For nearly a half-hour, Christopher took the crowd through the spirited details of his career -- including his days teaching at South Jr. High School, and his elation when Lyndon B. Johnson announced the country's official War on Poverty.

"I said, 'It's about time,' " Christopher recalled.

Christopher eventually became the local executive director of the War on Poverty, and helped open various centers around the city where they were needed, including what eventually became the Hillside Community Center.

He urged the Council to consider a similar tactic of offering satellite service centers around an increasingly sprawling city, rather than dumping everything into one big complex. A one-stop homeless mall might be helpful for the agencies who provide social services, he said, but not necessarily for the poor people who will use them.

Stop making sense

At 2:30 a.m., with 100 people still looking on, the City Council appeared on its way to a serious meltdown.

"If I can think clearly this time of night, the concern out there is that when men are sleeping under bushes and intimidating people the fear increases," Makepeace said.

Shortly thereafter, a "quick break" was ordered, and the Council disappeared into their private chambers.

Meanwhile, a group of El Pomar and Red Cross shelter proponents gathered in a power huddle in one corner of the meeting room. In another section of the room, top city managers put their heads together.

At 2:42 a.m., shelter opponent Matt Parkhouse questioned the wisdom of continuing a discussion over such a serious matter at that hour of the night. "I desperately hope [the Council] says no and I desperately hope the Red Cross doesn't take their marbles and go home," Parkhouse said. "If they OK this tonight the whole process will be tainted and they will have destroyed a neighborhood."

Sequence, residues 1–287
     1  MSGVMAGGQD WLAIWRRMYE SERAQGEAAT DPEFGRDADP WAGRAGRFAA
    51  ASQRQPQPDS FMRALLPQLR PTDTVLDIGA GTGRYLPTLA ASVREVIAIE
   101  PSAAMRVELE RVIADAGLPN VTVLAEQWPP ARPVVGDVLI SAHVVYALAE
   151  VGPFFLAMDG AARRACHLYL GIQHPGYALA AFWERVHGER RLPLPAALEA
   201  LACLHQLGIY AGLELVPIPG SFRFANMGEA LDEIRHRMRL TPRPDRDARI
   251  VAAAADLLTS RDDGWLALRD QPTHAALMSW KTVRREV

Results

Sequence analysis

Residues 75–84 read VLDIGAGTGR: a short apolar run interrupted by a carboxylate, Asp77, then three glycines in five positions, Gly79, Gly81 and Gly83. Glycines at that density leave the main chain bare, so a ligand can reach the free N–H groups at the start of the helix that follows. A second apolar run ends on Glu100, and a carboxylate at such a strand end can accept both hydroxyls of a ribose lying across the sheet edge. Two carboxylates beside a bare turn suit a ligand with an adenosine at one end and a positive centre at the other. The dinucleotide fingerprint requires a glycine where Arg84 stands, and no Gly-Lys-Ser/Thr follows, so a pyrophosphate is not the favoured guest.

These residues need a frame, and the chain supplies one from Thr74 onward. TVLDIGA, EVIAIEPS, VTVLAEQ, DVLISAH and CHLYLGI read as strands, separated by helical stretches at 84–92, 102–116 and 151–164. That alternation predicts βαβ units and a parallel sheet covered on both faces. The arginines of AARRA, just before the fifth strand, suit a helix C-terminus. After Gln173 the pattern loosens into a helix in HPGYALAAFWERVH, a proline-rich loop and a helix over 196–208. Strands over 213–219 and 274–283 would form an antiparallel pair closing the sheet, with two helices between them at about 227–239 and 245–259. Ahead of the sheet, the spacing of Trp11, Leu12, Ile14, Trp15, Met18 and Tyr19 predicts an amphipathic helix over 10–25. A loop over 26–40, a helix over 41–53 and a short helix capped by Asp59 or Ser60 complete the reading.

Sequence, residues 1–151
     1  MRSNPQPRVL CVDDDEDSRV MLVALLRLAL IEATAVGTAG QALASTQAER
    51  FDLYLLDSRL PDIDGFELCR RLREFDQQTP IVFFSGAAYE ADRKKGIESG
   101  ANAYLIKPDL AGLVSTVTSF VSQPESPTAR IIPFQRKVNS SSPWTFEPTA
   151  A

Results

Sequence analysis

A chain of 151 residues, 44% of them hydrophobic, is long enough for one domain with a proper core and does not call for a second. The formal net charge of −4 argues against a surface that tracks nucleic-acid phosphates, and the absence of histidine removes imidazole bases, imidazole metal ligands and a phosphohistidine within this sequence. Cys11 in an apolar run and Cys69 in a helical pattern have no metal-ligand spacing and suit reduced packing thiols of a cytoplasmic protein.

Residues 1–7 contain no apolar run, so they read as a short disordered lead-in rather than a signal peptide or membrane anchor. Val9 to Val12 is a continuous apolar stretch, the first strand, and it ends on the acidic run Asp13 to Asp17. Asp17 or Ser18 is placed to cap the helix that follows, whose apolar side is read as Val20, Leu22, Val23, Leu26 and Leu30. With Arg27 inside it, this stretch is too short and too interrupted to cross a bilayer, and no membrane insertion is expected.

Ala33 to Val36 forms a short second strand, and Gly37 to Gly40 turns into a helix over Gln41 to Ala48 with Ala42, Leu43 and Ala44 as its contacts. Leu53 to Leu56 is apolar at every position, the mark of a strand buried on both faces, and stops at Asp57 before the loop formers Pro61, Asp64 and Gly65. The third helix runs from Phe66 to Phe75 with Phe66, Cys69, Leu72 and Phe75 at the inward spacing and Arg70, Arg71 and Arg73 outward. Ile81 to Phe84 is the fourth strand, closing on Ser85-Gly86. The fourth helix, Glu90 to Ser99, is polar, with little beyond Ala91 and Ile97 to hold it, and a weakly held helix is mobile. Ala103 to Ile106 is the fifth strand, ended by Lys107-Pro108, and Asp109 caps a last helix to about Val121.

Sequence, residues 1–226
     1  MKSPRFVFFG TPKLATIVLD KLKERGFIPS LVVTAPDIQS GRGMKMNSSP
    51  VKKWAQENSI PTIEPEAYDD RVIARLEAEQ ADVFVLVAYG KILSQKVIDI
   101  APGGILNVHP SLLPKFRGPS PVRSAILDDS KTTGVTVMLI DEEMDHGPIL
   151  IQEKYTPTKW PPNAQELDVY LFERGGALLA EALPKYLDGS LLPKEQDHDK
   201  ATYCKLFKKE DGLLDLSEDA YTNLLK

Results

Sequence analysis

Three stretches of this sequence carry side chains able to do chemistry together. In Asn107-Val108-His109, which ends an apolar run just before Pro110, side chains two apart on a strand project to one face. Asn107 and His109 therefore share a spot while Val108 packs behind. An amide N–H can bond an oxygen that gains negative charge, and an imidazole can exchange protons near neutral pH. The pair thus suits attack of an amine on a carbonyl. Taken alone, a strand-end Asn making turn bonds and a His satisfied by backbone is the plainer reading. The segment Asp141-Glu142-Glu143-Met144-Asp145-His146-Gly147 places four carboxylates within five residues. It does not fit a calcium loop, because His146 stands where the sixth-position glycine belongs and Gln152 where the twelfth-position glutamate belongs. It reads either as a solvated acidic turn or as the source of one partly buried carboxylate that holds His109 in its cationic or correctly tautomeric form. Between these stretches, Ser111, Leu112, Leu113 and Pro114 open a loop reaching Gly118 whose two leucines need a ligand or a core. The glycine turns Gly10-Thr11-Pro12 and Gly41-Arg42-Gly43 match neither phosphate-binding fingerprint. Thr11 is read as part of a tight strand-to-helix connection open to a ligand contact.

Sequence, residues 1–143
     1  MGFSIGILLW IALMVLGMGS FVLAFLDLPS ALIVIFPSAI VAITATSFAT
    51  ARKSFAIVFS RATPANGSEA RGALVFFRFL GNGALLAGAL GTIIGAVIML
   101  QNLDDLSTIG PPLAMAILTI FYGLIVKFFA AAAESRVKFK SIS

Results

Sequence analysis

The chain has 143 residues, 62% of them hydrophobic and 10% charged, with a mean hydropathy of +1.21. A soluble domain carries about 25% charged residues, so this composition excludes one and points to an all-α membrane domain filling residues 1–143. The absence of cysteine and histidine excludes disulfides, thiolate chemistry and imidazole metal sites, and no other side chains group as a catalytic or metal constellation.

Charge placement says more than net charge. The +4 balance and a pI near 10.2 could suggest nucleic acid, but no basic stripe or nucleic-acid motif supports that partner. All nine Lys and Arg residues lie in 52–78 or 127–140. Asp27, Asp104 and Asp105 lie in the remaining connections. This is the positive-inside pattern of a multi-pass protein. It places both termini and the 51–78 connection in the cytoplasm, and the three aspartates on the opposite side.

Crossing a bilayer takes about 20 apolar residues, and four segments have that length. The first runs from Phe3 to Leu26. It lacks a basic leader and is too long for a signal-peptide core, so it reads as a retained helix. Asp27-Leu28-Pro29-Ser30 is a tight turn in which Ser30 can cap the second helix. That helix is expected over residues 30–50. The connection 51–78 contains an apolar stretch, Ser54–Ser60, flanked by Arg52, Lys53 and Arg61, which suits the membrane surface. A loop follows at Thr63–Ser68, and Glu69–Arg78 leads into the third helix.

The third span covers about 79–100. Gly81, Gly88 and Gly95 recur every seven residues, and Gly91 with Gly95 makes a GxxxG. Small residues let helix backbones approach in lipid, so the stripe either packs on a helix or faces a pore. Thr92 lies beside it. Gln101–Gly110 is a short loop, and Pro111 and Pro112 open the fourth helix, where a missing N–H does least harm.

At 2:45 a.m., the mayor reconvened the Council and noted, "Let's see if we can come to closure."

Some new ideas

But that was not to be. At 2:50 a.m., Councilman Richard Skorman summoned city Senior Transportation Planner Tim Roberts, asking him, "How do you feel with all the talk about traffic?" To which Roberts replied, "It's real, there are safety issues here [but] I don't have an answer."

At 3:08, Councilman Ted Eastburn veered in another direction -- calling for less asphalt. He and Makepeace suddenly became architects, arguing over the size, scope and "footprint" of the proposed structure. "Could it be downsized?" Eastburn wondered.

"You don't have to redraw the plan tonight," noted city planner Quinn Peitz.

At 3:14 a.m., Councilwoman Linda Barley started asking for traffic patterns and playgrounds.

A minute later, Councilwoman Judy Noyes seized on the traffic issue and asked Roberts whether Mill Street could be narrowed, to reduce the amount of traffic headed that way.